Setting the track for luxury trains

The luxury trains business in India is valued at `80 crore but the tapped market is pegged only at `20 crore, informs Naveen Kundu, Founder and MD, Leisure Corp. Kundu details the path for growth of rail tourism in India and the expected role of the government in growing the business of tourism through luxury trains.

ANKITA SAXENA

While 2016 was a slow year for The Rail Journeys, the luxury trains division of Leisure Corp., 2017 brought in better business. In 2016, The Rail Journeys sent 450 passengers on the five luxury trains in India which increased to 750 passengers in 2017. The company is hoping to send at least 1000 passengers on various trains this year, informs Kundu.

“We have revolutionised the consolidation of luxury trains in India. We are trying to spread the message that India is a luxury destination, not a mass destination and the only country which has five luxury trains. On the third anniversary of The Rail Journeys, we want to acknowledge the local destination management companies who promote the luxury trains overseas to their foreign tour operators and get inbound business to India,” Kundu says.

Drawing the profile of the luxury train passengers, Kundu points out that the UK and the US are the largest source markets for luxury trains in India, sharing 70 per cent of the total business. The passengers are mostly affluent NRIs and retired persons who have the time and money to spend on experiences. Kundu says, “The average cabin cost is $6000- $7000. The largest selling luxury train is Palace on Wheels since it’s the oldest and most established. The luxury trains business is worth `80 crores and currently the five trains are occupying only `20 crores market share.”

The government needs to be a facilitator and help provide good policies and reduce infrastructural and operational cost to make luxury trains more affordable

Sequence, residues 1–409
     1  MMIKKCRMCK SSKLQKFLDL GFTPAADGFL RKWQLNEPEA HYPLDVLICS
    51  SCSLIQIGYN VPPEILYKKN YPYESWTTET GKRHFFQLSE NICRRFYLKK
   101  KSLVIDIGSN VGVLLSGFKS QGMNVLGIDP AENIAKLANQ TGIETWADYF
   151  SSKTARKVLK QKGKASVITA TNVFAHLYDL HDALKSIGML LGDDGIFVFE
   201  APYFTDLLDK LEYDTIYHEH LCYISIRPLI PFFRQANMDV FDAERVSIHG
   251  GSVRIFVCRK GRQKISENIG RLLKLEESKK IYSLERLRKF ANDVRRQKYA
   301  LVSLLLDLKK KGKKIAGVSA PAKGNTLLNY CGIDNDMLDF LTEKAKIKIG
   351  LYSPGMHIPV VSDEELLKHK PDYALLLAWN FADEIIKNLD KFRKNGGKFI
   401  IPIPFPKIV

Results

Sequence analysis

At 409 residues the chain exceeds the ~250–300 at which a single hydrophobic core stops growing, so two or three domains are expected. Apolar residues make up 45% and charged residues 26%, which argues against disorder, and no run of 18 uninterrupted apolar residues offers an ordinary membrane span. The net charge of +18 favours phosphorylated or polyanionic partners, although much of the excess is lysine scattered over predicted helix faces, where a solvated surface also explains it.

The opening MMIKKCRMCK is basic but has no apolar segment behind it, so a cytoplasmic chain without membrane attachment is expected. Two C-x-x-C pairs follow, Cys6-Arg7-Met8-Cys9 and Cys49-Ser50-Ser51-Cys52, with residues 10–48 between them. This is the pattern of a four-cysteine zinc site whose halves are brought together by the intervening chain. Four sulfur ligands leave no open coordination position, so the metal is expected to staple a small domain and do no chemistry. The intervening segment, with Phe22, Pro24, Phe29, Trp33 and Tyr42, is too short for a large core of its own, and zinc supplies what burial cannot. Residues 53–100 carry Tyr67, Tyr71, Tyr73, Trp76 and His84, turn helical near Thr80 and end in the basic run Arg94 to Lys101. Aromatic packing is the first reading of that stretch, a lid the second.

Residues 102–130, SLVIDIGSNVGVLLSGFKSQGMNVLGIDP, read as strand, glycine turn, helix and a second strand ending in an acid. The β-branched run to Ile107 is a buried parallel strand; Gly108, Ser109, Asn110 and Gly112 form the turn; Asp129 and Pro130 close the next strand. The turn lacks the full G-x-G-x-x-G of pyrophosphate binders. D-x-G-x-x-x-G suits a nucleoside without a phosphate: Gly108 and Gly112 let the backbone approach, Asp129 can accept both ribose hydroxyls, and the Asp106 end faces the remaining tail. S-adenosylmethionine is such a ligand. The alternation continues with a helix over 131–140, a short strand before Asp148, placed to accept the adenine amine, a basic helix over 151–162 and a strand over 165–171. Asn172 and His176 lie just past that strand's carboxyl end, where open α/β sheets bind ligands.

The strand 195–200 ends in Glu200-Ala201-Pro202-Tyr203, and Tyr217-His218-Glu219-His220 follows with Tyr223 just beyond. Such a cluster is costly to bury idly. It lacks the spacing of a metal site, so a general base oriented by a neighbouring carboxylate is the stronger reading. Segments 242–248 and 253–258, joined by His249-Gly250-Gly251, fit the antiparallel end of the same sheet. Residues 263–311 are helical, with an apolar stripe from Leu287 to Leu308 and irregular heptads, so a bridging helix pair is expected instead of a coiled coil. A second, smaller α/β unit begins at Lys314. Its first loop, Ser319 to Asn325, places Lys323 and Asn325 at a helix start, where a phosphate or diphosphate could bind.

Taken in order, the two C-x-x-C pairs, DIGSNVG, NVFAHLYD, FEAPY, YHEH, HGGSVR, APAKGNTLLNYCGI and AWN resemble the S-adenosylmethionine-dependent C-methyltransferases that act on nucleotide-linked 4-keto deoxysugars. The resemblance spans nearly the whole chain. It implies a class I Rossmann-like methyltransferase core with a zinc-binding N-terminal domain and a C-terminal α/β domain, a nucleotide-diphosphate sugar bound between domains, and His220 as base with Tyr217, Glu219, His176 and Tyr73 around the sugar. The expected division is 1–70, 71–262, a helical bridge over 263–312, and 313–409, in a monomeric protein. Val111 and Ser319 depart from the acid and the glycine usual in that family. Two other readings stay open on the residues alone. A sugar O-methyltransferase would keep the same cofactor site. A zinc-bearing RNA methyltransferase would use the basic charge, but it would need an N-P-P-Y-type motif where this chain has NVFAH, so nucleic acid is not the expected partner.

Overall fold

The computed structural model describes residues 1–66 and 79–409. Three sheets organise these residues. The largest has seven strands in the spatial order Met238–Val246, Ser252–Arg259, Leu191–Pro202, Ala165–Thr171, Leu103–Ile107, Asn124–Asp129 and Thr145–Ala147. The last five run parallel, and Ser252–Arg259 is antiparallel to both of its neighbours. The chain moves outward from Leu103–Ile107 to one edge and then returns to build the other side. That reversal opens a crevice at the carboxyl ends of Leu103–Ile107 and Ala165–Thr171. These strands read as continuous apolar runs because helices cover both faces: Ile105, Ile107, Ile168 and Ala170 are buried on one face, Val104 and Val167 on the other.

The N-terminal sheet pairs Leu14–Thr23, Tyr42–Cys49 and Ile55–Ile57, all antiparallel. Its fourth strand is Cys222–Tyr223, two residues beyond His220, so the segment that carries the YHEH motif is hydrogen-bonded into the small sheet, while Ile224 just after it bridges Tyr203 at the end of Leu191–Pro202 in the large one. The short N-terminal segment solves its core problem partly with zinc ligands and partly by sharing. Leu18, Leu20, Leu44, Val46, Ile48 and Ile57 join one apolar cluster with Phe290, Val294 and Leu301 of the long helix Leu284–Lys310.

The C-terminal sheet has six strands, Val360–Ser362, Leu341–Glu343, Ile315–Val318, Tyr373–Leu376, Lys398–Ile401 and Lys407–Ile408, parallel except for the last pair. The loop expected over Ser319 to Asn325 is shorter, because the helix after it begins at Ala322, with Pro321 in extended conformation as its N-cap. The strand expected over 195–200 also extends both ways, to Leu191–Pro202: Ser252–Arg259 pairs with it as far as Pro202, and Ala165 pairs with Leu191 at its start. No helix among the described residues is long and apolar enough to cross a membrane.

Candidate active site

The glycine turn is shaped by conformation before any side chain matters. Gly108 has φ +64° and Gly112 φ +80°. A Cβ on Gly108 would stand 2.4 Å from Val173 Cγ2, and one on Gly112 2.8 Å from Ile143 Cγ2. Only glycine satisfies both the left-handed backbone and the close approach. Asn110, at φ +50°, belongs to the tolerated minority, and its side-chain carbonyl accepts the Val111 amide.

Elaborating on the USP of the company, Kundu explains that Rail Journeys buys its inventory, consolidates it and then gives it for distribution to the local travel agents to further sell to their FTOs. He adds, “We do not sell directly to the FTOs as we believe in increasing the fair share of the market and not just the company’s market share in the business.”

Identifying the path of growth for luxury trains in India, Kundu elaborates, “The government has to give up ownership of the trains and give its operations to the specialists. It should not be put up for PPP model and thus bidding for any corporate as they may or may not be experts in the luxury trains business. The government needs to be a facilitator and help provide good policies and reduce infrastructural and operational cost to make luxury trains more affordable. Let the private players sell and run the trains and the profits can be shared with the government. Currently, the trains clock about 35-40 per cent occupancy which can be raised to over 90 per cent.” He further says that there is a potential to start 4-5 luxury trains in India—one in Punjab, two in South India, Shimla and Darjeeling, etc.

Enjoying Monopoly

  • Having revolutionised the consolidation of luxury trains, India is the only country which has luxury trains
  • The UK and the US are the largest source markets for luxury trains in India

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